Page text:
The current squad management at the Camp Nou has been short of the high standards many have come to expect.

Even so, the Barcelona faithful can be given hope by the fact that several other big clubs around the continent have not been handling their business in an idle manner either.

What has to be pointed out though, is the fact that Luis Enrique deserves a share of the criticism for his decision to divert the team well away from its previous system which had been about prioritizing the control of the midfield in games.

The state of the current squad is not exactly an antithesis of what the vision was two or three years ago but it is certainly far from the plans Enrique’s arrival promised.

Heading into the 2015/16 season, Barcelona were firing on all cylinders even though there were a few unanswered questions about Enrique’s rotation policy.

The players eventually hit a notable wall of physical and mental breakdown, beginning with a rueful away fixture at Villareal which saw the Blaugrana go from cruising at 2-0 to having to settle for a 2-2 draw after surrendering their lead in dramatic fashion.

That was followed by a period of sloppy displays as major defeats came in the league before Barcelona’s run in the Champions League was brought to an end.

It was certainly no coincidence that when some breathing room around the pile of fixtures finally came during the closing months of the season, Barcelona redeemed their form to win the league and the Copa del Rey.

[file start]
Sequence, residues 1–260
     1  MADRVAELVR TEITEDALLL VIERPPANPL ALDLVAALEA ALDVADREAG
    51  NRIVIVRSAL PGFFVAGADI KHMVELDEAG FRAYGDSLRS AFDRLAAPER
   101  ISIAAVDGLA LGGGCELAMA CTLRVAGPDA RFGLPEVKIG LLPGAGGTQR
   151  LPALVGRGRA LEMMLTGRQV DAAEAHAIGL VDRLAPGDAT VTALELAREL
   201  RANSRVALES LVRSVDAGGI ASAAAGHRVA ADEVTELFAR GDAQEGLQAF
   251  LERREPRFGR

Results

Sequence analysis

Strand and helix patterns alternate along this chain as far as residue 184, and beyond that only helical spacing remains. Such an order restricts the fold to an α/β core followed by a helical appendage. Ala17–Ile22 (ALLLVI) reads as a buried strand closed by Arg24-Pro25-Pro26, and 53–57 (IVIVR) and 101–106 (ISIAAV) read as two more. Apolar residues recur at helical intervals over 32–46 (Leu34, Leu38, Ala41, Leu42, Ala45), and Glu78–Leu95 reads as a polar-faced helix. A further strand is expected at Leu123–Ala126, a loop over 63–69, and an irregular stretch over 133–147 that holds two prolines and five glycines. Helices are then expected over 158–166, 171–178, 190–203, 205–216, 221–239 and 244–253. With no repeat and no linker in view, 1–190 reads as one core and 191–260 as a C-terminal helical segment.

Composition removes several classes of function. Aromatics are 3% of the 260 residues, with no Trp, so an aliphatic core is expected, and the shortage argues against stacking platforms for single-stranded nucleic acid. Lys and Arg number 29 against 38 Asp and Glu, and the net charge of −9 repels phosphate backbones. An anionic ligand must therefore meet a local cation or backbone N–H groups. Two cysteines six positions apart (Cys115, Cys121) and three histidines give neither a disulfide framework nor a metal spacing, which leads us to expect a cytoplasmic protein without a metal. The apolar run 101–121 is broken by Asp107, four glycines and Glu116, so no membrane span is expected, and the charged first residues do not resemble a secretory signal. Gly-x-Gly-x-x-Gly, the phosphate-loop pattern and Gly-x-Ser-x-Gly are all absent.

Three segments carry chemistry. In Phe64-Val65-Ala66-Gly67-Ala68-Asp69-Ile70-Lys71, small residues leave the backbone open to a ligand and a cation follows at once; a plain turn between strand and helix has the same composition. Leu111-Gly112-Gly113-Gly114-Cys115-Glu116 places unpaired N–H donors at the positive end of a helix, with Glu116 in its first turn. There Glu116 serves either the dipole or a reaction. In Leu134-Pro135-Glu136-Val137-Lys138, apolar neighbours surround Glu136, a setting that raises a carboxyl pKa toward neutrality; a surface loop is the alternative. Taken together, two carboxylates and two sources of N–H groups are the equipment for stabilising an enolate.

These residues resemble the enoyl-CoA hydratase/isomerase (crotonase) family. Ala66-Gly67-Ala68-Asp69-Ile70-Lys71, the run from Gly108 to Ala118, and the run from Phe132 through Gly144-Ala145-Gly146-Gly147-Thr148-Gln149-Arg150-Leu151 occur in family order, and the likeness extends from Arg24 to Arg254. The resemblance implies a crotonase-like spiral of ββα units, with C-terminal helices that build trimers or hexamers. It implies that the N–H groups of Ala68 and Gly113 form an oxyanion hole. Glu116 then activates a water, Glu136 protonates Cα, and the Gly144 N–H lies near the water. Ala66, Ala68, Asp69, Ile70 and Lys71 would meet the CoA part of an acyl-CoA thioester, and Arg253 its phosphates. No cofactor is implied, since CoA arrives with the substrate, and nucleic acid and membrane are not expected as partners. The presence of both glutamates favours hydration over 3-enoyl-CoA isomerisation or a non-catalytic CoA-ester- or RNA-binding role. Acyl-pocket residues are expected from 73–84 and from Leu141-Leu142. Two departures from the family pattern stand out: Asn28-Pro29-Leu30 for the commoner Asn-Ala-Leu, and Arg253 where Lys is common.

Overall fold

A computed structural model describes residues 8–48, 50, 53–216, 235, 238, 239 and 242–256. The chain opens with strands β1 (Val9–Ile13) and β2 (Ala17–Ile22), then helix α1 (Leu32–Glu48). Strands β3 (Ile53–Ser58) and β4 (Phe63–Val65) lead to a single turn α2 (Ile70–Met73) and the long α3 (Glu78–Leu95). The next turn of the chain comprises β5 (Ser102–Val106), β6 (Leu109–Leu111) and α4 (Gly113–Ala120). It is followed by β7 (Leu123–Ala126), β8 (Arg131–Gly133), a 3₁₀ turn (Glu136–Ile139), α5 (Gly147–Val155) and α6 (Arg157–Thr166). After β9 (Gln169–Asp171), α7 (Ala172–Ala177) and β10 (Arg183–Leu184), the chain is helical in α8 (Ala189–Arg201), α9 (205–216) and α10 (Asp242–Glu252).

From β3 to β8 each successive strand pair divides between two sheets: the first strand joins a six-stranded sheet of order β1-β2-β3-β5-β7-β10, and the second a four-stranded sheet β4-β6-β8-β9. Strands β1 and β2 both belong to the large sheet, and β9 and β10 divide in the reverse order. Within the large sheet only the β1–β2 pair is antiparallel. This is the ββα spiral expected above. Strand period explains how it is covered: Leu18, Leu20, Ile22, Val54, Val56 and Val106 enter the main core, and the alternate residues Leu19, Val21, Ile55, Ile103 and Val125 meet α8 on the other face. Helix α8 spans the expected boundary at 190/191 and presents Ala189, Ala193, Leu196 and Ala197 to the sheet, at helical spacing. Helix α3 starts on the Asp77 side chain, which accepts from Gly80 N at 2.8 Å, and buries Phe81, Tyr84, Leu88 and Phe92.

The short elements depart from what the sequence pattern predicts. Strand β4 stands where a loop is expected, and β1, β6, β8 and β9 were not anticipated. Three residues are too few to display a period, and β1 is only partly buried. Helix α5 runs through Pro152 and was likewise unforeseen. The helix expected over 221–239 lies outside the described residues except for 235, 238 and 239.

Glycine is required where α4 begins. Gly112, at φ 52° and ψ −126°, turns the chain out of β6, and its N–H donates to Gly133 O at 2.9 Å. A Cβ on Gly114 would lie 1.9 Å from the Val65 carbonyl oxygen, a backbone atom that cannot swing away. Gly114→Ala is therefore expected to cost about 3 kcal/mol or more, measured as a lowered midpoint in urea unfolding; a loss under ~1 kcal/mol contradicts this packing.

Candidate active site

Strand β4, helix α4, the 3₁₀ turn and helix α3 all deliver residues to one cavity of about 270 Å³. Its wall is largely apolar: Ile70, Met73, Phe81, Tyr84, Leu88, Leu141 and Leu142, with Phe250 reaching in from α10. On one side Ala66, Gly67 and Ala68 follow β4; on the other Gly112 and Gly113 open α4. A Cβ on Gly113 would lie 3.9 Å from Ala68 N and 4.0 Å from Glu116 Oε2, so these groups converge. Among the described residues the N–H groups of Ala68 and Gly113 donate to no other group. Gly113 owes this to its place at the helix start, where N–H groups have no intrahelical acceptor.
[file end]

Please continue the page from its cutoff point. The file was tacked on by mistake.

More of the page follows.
However, instead of kicking on from that recovery with the right signings in the summer of 2016, Enrique rather mishandled his tasks in the transfer market and ended up without the relevant recruits to improve his squad’s flaws.

Arda Turan, despite arriving with an abundance of experience, was never truly an appropriate fit for a Barcelona system more about patience and ingenuity rather than the grit and feistiness which defined the Turkish midfielder at Atletico Madrid.

Andre Gomes, largely due to his age, appeared to be a sensible acquisition on face value and a potential heir to Sergio Busquets.

But, like Paco Alcacer who moved to the Camp Nou in the same transfer window, being fairly young turned out to be the main reason why Barcelona had to pay a premium for what was in truth untried and untested talent.

These were signings which reemphasized the fact that despite his ability to ramp up the silverware count, Enrique was by no means the visionary Pep Guardiola was.

And now in his absence, Barcelona have been left with some clearing out of deadwood to do before the agenda of replacing Neymar can even be tackled.

Nonetheless, this club is hardly in a state of crisis and there is enough talent remaining to sustain its competitiveness amongst the best.

Jeremy OsbornePost
The current squad management at the Camp Nou has been short of the high standards many have come to expect. Even so, the Barcelona faithful can be given hope by the fact that several other big clubs around the continent have not been handling their business in an idle manner...